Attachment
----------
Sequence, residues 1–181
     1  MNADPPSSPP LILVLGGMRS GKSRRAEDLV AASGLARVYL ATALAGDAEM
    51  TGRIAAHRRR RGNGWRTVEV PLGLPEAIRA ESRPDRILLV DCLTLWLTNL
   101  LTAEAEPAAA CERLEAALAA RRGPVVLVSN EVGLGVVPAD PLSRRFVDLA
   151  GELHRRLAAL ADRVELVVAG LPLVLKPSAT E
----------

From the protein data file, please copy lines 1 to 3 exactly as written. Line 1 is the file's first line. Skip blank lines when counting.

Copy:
Sequence, residues 1–181
     1  MNADPPSSPP LILVLGGMRS GKSRRAEDLV AASGLARVYL ATALAGDAEM
    51  TGRIAAHRRR RGNGWRTVEV PLGLPEAIRA ESRPDRILLV DCLTLWLTNL